Accidents Due to Improper Loading
Semi-trucks and large commercial vehicles transport an estimated 11 billion tons of cargo every year. The massive amount of freight that moves across the country every day ensures that we can shop, buy food, and do business without difficulty. The drivers who transport this material are charged with properly loading and securing the freight to the truck. When a load shifts or falls off the vehicle because it was improperly loaded, the damage caused can be catastrophic.
Improper cargo loading accounts for hundreds of serious truck accidents every year. These accidents can occur in a variety of ways. For example, when a load is too top-heavy it can cause the entire truck to roll over. If the load is not secured tightly enough, it can fall off the truck and scatter across the roadway causing accidents. No matter what the reason, improper cargo loading is dangerous for everyone on the road.Federal Guidelines Regulate Cargo Loads
Improper loading can cause the cargo to move or shift during transit. If the driver of the semi-truck takes a curve too fast, starts or stops suddenly, is speeding, or is driving over rough roads, the load can move and change positions.
When cargo loads shift in transit, the vehicle’s center of gravity changes and can cause the driver to lose control of the vehicle. If the truck overturns, it can cause serious injury both to the driver and anyone who happens to be nearby. For that reason, the Federal Motor Carrier Safety Administration (FMCSA) has created a series of comprehensive rules and regulations regarding how cargo should be secured.
According to the FMCSA, truck drivers should check the cargo after driving for 50 miles to make sure that nothing has come loose. After that, drivers should check the cargo every 150 miles thereafter (whenever practical). This is especially important when a truck driver is transporting liquids. By their very nature, liquids will shift and move in transit while inside their containers. No matter how tightly a driver secures the load to the truck, traveling with liquids will eventually loosen the fastenings holding the load down.
Truck loads must be tied down with a number of items, including webbing, steel straps, and other types of fasteners. Drivers should also use inflatable bags to fill up empty spaces between the cargo and keep it from sliding around on the truck. No matter what type of cargo is on the truck, the FMCSA has a rule that regulates how it should be transported.Everyone Who Loads A Truck Can Be Responsible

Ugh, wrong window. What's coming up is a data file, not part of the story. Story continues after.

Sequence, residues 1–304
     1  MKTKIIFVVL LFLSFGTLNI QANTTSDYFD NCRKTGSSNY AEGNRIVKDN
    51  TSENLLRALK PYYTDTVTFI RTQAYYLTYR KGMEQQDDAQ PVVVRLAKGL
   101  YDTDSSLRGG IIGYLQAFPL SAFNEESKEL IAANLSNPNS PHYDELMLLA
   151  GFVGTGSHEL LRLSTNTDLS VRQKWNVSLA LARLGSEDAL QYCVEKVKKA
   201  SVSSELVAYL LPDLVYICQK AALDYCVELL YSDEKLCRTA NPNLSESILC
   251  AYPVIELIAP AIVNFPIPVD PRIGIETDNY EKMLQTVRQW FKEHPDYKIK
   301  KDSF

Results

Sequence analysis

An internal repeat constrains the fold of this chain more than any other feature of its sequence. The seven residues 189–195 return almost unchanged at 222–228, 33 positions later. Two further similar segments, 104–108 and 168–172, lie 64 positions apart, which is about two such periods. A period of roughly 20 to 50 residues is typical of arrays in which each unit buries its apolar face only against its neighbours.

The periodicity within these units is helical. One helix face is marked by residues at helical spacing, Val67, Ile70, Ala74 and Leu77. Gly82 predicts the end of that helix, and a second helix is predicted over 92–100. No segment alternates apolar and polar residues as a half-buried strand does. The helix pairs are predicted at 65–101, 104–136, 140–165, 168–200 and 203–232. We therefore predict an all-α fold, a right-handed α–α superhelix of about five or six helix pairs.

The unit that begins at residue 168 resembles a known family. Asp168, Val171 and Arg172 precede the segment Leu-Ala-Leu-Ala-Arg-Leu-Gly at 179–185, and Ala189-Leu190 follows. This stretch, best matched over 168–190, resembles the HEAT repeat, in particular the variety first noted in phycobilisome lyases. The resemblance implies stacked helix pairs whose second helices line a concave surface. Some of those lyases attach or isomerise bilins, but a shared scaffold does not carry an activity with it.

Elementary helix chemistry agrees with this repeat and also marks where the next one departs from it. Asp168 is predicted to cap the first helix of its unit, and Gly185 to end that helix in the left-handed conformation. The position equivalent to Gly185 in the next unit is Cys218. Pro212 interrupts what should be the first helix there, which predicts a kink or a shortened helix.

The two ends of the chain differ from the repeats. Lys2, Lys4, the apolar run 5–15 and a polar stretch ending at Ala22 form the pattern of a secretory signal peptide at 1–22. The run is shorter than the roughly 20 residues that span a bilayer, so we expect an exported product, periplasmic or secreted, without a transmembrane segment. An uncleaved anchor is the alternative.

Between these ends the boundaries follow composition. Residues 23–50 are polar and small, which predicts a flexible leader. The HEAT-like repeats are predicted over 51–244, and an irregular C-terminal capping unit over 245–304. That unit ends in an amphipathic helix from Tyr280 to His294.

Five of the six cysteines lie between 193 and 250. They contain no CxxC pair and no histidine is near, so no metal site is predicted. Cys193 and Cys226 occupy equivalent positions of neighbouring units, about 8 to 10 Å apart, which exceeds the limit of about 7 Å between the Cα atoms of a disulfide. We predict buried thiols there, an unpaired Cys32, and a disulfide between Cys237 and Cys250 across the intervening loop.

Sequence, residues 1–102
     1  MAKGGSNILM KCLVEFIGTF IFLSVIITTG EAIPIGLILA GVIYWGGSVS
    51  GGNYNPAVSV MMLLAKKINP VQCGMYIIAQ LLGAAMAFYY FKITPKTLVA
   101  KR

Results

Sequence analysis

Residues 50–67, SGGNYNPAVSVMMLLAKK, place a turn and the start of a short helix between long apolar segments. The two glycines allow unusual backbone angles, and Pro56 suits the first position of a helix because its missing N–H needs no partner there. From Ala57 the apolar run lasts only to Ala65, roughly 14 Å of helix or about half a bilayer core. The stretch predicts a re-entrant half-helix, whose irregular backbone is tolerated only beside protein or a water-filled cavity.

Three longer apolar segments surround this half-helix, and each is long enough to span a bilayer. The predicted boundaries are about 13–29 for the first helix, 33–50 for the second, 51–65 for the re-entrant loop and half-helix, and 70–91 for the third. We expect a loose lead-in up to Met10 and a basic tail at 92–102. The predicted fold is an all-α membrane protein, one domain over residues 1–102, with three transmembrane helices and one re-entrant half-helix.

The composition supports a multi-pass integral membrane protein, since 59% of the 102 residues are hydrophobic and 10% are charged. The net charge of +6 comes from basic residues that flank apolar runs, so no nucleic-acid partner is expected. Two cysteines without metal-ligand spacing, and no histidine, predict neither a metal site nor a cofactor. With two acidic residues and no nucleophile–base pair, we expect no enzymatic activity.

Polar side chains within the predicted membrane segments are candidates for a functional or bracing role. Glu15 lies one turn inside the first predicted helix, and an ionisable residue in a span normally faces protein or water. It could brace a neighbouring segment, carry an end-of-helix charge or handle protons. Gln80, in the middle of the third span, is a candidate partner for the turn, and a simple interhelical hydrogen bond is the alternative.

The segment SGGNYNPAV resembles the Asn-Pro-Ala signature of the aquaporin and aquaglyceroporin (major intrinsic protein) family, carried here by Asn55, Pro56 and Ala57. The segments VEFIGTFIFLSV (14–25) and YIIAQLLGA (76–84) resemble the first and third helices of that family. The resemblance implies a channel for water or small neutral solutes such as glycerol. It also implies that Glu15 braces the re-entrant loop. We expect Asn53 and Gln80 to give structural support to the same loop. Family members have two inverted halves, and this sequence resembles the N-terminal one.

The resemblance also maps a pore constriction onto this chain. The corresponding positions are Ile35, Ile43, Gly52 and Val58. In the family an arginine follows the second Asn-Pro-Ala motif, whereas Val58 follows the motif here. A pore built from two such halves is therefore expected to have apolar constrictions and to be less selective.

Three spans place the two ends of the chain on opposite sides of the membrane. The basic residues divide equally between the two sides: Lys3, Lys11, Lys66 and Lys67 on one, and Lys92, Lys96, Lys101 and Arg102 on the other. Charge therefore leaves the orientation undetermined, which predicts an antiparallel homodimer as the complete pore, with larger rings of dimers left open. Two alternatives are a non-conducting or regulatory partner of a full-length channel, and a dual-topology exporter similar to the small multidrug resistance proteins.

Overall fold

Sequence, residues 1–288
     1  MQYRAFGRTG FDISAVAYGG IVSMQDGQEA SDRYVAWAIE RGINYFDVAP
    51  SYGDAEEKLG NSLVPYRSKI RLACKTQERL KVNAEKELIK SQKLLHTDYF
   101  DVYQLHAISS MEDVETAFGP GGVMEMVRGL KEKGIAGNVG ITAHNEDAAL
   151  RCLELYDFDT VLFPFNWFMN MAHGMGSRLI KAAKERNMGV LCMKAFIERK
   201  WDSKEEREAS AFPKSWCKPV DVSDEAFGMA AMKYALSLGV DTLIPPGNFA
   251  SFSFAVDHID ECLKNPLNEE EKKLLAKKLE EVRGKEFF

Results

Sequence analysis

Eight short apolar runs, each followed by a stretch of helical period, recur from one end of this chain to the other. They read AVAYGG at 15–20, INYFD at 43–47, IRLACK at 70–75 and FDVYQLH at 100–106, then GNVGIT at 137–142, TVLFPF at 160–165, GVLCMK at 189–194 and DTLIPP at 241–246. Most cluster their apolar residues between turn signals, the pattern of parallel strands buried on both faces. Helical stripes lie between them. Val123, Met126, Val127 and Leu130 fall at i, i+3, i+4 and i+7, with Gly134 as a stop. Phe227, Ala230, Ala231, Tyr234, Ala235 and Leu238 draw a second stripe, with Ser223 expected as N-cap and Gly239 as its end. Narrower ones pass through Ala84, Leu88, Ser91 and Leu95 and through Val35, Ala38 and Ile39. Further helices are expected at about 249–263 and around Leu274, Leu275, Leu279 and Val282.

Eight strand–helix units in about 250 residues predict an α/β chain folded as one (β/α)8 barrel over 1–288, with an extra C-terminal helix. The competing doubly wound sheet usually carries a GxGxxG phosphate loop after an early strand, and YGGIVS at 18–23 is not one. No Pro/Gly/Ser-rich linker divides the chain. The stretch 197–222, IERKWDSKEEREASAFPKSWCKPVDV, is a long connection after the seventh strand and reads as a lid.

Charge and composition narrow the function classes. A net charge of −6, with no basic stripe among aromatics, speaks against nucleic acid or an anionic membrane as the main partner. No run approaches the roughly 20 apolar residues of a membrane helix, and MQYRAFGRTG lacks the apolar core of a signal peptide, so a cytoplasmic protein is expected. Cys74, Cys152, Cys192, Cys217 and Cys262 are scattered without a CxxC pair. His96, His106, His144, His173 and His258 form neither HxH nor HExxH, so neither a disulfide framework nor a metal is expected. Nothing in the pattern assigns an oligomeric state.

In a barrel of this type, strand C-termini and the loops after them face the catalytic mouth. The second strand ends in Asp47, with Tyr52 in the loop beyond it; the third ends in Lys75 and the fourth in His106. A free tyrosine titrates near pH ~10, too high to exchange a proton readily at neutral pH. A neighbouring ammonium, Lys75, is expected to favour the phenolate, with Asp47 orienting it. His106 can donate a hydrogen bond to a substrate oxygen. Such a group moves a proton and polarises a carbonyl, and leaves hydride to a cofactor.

Federal law creates a non-transferable obligation to follow FMCSA safety regulations in every person who interacts with a vehicle’s cargo. While this would definitely include the truck’s driver, it also includes every person and company that interacts with that truck’s load. When a truck’s cargo is improperly loaded and causes an accident, there may be multiple people and entities who are legally responsible for paying damages to anyone injured.
For example, the trucking company for whom the driver works could be liable if the company failed to properly train the truck driver on how to fasten and secure the cargo properly. If other employees at the trucking company helped the driver secure the load, then the trucking company might also face some liability.
Additionally, shipping companies that hire the truck driver or trucking company could be responsible if their employees prepared the truck for shipment. While the driver is still responsible for periodically checking the cargo and ensuring that it is secured, the people who initially loaded the cargo might face liability if an accident occurs shortly after the driver begins the trip.Get Experienced Help After A Truck Cargo Accident
If a tractor trailer or big rig causes an accident due to improper cargo securement, it is important to speak with a knowledgeable Miami truck accident attorney. It can be difficult to tell when a truck’s cargo comes unmoored due to negligence on the part of the truck driver or whomever loaded the truck. Unless an accident victim actually sees the doors of a trailer fly open, or observes unsecured cargo straps flapping in the wind, then it can be difficult to prove negligence without a thorough investigation by an experienced personal injury attorney.
If you were injured by improperly secured cargo on a semi-truck, contact the personal injury attorneys at Gerson & Schwartz, P.A. today. We offer free initial consultations, and work on a contingent fee basis with no up-front costs to you. Contact our office today and schedule your appointment by calling (877) 475-2905 or 305-371-6000.